Teacher, Crossroads Accelerated AcademyJennifer Conner is new to education and to the challenges of urban teaching. "I'm a Philadelphia Teaching Fellow, and have been teaching since February of 2010. I started when the Crossroads Accelerated Academy opened, working as the World History/Special Education teacher—although this year I was also assigned one English class. Teaching is a career change. Prior to this, I worked for nonprofits: The American Civil Liberties Union (ACLU) and Project Home while completing my B.A. at Temple University. Currently, I am working on my Masters of Education through Chestnut Hill College. "The Philadelphia Teaching Fellows is one branch of a program that operates in many major cities. They seek out individuals who are skilled in content areas, especially those that are difficult for schools to fill, such as math, science and special education. If you are selected for the program you undergo an intensive five-week instruction in education. At the completion of the training you are assigned somewhere in Philadelphia. My background was in psychology, so I entered with an understanding of the medical side of special education. This is definitely a background I cherish while writing Individualized Education Programs and working with students. My work with the ACLU was also helpful when it came to earning my social studies certification." The Crossroads Accelerated Academy is a small school with a focused mission. "These are students who would have gone into eighth grade, but range in age from 14 through 17. Instead, they come to us and take eighth and ninth grades simultaneously, both with a traditional and an online curriculum. The goal is to get them into tenth grade by the end of the year. We are looking at their progress this year to see how things pan out. There are 78 students in the program right now with five teachers: in math, reading, science, world history, and computer science, since all ninth-grade students must have an elective. The school also has a principal, a counselor, a police officer, and a student advisor. We all also offer additional support for our students. Each teacher is assigned five students who are chronically failing and we meet with them on a regular basis to monitor their homework and study habits, for example, in addition to putting extra time before and after school." Homework has been a struggle for many of Jennifer's students, many of whom have not formed strong homework habits, but this has also been one way of measuring the success of the program. "This year, a lot more kids are on board with completing daily homework assignments, and have formed school habits of paying attention in class and working at more challenging tasks. The staff is new and the school is new. We made progress this year, but are eager to implement what we learned to better enhance next year's program. The teachers have already begun actively planning next year."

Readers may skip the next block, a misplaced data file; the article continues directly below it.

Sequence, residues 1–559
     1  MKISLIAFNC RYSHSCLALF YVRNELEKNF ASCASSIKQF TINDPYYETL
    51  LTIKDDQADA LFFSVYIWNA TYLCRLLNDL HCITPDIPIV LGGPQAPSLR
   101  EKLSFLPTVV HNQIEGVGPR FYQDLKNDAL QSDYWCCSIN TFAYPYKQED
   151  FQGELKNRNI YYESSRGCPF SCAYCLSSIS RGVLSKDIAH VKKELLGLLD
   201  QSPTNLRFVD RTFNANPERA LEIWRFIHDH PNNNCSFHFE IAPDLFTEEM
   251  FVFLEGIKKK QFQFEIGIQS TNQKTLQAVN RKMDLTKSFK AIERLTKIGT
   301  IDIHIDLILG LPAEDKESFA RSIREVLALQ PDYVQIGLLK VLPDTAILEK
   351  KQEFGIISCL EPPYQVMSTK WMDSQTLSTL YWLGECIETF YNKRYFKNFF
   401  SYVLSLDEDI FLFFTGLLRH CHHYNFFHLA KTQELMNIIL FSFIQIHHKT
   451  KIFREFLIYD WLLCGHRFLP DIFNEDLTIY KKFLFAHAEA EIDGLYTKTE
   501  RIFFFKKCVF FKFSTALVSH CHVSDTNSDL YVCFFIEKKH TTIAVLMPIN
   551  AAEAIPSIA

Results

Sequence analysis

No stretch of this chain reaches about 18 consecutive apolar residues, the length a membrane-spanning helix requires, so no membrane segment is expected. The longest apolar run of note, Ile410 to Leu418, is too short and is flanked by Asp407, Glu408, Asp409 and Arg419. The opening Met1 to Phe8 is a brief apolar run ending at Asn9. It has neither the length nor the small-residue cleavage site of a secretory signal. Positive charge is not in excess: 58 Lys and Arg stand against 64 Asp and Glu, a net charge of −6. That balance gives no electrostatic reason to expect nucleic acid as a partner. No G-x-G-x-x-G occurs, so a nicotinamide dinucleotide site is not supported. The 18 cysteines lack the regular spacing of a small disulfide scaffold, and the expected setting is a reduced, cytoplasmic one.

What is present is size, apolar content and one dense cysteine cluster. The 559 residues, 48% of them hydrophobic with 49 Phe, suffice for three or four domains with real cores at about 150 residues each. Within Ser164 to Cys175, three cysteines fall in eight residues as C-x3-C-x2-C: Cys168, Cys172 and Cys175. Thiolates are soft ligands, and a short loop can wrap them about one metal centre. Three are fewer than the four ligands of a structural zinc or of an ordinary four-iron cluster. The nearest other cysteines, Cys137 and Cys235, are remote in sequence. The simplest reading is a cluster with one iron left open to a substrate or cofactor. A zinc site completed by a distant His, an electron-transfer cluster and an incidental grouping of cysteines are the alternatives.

For more information, please contact Education: School & Teacher Programs by phone at (215) 684-7580, by fax at (215) 236-4063, or by e-mail at .